CSIDJune is National Internet Safety Month, which began in 2005 in order to raise awareness around the need for online safety, especially among children and teens. In honor of Internet Safety Month, let’s hone in on the gaming industry, one area in particular that has caused a huge growth in the popularity of hacking.

More than ever before, we’re seeing less skilled, younger individuals getting involved in cybercrime. Attacks no longer require years of experience and an advanced technical background. Tools to carry out sophisticated attacks are now easily assessable, easy-to-use and affordable on the dark web. Just three years ago, a majority of cybercriminals were in their late teens or early twenties. Now, we’re talking about nine and 10-year olds, which are being introduced to hacking at an early age. How are youngsters hearing about the dark web, then? One answer: video games.

Popular games are attracting a younger and younger demographic. When kids sit down to play a game, everyone gets competitive. Some have started to hack accounts in order to come out on top. This is where kids begin to be exposed to the illegal world of the dark web. Take Distributed Denial of Service (DDoS) booting services, which have grown in popularity. These DDoS services allow an individual to take control of another individual’s IP address to knock them out of a computer game. And, it doesn’t stop there.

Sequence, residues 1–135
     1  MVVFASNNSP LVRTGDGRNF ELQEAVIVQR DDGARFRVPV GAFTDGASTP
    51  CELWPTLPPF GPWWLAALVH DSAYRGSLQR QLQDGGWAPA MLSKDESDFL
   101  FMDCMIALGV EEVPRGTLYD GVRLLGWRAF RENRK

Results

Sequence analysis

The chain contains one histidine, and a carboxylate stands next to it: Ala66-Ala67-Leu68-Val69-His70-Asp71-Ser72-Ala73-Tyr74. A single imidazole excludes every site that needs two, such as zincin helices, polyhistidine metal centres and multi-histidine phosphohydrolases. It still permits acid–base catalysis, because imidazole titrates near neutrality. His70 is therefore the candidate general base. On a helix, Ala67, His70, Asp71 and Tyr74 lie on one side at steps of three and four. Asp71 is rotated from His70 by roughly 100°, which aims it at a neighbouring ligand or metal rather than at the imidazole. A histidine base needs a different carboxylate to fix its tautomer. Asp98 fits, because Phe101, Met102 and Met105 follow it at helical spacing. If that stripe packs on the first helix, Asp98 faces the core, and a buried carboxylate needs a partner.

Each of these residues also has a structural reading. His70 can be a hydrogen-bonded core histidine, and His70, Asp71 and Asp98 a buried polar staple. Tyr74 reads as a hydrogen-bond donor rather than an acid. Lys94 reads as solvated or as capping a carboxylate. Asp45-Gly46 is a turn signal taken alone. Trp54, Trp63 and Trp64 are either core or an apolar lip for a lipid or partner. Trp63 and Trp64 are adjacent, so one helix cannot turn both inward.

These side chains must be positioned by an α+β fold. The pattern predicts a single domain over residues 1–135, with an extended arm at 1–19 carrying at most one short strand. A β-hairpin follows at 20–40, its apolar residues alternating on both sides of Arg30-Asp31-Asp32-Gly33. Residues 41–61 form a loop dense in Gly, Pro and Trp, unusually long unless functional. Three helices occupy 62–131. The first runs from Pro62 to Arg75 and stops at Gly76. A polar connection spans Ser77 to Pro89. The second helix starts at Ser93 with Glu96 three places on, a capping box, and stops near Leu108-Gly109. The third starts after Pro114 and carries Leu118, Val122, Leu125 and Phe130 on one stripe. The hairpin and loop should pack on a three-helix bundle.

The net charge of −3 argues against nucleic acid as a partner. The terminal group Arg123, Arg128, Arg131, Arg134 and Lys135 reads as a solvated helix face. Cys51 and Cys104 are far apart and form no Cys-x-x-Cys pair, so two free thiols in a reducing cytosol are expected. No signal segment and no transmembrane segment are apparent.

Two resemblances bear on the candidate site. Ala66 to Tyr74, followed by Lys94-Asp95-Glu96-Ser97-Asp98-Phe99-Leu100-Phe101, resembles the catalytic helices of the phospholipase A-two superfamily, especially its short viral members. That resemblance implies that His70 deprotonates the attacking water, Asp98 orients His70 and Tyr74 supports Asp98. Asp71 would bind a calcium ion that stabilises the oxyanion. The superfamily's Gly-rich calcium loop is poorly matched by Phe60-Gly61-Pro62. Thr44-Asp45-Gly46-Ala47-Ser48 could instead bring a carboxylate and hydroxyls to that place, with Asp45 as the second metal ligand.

Before gaming gets out of hand, parents need to play an active role in their child’s online safety. First, they need to start thinking about technology or the Internet as a place that’s integrated with our daily lives, not a separate world. Stay up-to-date on the latest technology your child engages with, like gaming consoles or a hot new app. For some of these video games, the age requirement is 18 years and old, where young children are being exposed to potentially harmful environments. Parents should be held accountable for keeping their children safe.

If kids are gaming maliciously, parents must be on the lookout and be willing to start conversations around the real consequences of criminal activity. That’s where we can truly begin cutting down on cybercrime among the younger generation. Want to join in on the gaming conversation? Share your thoughts on Facebook, Twitter and LinkedIn.